The cookies turned out even better than I expected. The slightly-crisp edges and just-baked soft centers were just as I remembered.

In a recent New York Times article, “Perfection? Hint: It’s Warm and Has a Secret”, David Leite makes a quest to discover the perfect chocolate chip cookie recipe. On his journey he discusses cookie recipe nuances with pastry chefs, bakery owners, and food scientists (including my friend, Shirley Corriher), and makes a strong case for canonizing Ruth Wakefield of the Toll House Inn, creator of the iconic chocolate chip cookie. In the end he presents a recipe that uses bread flour and a 36-hour refrigeration for the dough. Deterred by leaving the dough in …

First Cup

I think at least one of my sisters, maybe all 6 of them, and perhaps my brother would agree – the first cup of coffee in the morning is the best.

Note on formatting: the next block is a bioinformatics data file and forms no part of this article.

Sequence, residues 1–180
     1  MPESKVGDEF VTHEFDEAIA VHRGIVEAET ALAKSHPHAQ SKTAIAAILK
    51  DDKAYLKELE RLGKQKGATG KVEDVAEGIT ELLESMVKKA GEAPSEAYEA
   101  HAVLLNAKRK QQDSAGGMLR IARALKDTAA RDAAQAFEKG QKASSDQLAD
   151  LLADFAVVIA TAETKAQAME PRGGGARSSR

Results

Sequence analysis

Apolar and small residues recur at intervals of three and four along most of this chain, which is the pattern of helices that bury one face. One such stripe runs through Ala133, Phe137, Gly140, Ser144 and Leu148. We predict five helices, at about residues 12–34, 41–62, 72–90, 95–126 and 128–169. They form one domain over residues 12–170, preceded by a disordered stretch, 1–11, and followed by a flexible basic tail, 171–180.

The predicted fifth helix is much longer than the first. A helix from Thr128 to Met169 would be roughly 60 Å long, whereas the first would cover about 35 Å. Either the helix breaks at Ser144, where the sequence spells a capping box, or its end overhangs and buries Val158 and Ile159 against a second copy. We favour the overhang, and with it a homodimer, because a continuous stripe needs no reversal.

Part of my evening ritual, while I’m soaking the pots from dinner in hot, soapy water, is to set up my automatic coffee maker for the morning. Dump old coffee grounds and  wet filter in the compost container. Rinse the insulated carafe. Situate a new, dry brown paper filter in the basket and fill with ground coffee. No I don’t measure, I just hope for the best. Pour cold water into the tank. Make sure it’s “set” to brew at 5:45 a.m. Brush teeth. Go to bed. Now I can’t wait to wake up.

The smell of coffee in the morning is rivaled only by the smell of bacon frying the a skillet, or the smell of a baby after a bath.

The first sip of coffee is rivaled by, well, nothing. It’s my signal that a new day has begun.…

Red Beans and Rice with Chili Vinaigrette